Monday, August 31, 2015

New interactive website tours NYS wineries

The new website
New York is a very big state, and, with 400 winery locations dotting a 525-mile swath from the Niagara Escarpment in the west to the eastern tip of  Long Island, keeping track of them can be quite a chore.

However, it has just become a bit easier with the unveiling by the New York Wine & Grape Foundation of a new online tool that can be used to take a virtual tour of any and all regions and individual wineries in the state.

The website is called New York Wine Country. It's a simple name, matched by the simplicity of navigating it. Visitors go to the home page, where they are asked to select a region -- or a sub-region in the cases of the Finger Lakes, Long Island, and New York City. One click and all the wineries in the chosen area are displayed. Another click on any of them takes the visitor via Google Maps that includes the name, address, and phone number, and provides a live link to its website.

The site also includes what the NYWGF calls an "interactive infographic" that includes a handful of recommendations in each region for dining, lodging, and other tourism attractions.

The site was created as "the electronic companion to our fabulous 'New York Wine Country' bookazine -- a coffee table magazine, and for both projects we partnered with Wine Enthusiast magazine," says NYWGF President Jim Trezise, which explains why the portal for the new site is through the magazine's website.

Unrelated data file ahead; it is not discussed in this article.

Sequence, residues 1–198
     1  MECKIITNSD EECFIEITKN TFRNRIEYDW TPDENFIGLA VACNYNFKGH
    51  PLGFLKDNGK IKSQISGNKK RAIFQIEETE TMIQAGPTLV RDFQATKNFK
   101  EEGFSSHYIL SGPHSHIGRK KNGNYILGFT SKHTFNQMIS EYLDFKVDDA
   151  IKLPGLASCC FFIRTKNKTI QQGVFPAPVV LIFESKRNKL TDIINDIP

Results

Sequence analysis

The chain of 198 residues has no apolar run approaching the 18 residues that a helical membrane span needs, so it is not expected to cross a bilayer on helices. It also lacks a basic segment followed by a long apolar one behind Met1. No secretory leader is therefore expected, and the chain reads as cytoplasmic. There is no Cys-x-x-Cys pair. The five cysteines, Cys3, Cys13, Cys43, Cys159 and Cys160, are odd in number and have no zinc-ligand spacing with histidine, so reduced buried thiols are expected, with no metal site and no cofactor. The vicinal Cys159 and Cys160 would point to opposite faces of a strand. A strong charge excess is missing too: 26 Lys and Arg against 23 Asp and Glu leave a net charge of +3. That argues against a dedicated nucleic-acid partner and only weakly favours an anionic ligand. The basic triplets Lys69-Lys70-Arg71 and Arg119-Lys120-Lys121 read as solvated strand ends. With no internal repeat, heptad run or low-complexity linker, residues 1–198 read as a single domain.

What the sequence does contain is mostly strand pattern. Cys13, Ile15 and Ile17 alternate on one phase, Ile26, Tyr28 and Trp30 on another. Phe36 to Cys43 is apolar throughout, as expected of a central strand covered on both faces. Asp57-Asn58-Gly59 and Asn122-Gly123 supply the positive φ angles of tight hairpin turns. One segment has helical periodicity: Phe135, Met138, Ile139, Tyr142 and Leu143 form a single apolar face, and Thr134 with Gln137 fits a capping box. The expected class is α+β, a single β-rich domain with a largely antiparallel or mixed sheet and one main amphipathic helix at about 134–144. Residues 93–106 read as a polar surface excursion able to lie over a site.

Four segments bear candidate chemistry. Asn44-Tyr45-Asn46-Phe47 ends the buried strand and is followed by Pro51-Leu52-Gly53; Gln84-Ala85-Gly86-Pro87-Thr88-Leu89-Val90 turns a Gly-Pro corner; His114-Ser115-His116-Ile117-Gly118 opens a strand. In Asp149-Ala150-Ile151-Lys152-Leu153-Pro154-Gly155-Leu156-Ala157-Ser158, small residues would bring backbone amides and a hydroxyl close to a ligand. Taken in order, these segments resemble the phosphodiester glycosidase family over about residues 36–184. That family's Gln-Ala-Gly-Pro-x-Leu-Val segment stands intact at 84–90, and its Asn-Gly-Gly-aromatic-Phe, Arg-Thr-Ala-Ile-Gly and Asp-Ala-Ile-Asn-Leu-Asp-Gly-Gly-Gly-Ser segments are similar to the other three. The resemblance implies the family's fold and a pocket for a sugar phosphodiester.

The "New York Wine Country" book is a 140-page collection of photos, articles and advertisements specific to the wine industry. It is a supplement to Wine Enthusiast magazine. It was distributed with the magazine's September edition and through the wineries that advertised in it, thus potentially reaching about 300,000 consumers.

"With a combination of winery advertising to raise private sector funds, and the state matching [those] funds, we were able to co-create a publication which we believe reflects the progress, present, and promise of the New York wine industry, from Long Island to Lake Erie and everywhere in between," Trezise said.

He also said both projects were made possible by the state's Craft Beverage Marketing and Promotion Program, created to expand all aspects of the New York wine industry, "which we greatly appreciate."

Sorry, Charlie, you owe us bigtime

If you’re a resident of the U.S. who bought Starkist Chunk Light Tuna or Solid White tuna either in oil or water between February 19, 2009, and October 31, 2014, you’re entitled to a payout of $25 cash — or $50 in tuna if you prefer.

That bit of information may sound like an internet scam, but it isn't. It's true. The story is here.

Have you checked today's food-and-drink calendar?

There are plenty of food-and-drink events that will be popping up this fall. Keeping track of them and getting linked to the details is the problem.

Are you tired of having to go from site to site and publication to publication to find out the latest information on cooking classes, wine dinners, beer festivals, charitable events, restaurant weeks, specialty food events, grand opening festivities, tasting events, dinner theaters ... and then only finding bits and pieces?

Join the people who have been taking advantage of my Capital Region Food & Drink Events Calendar, arguably the most thorough and live-linked compilation of events involving, well, food and drink. It even has a subsection dealing with cooking classes both for adults and for kids.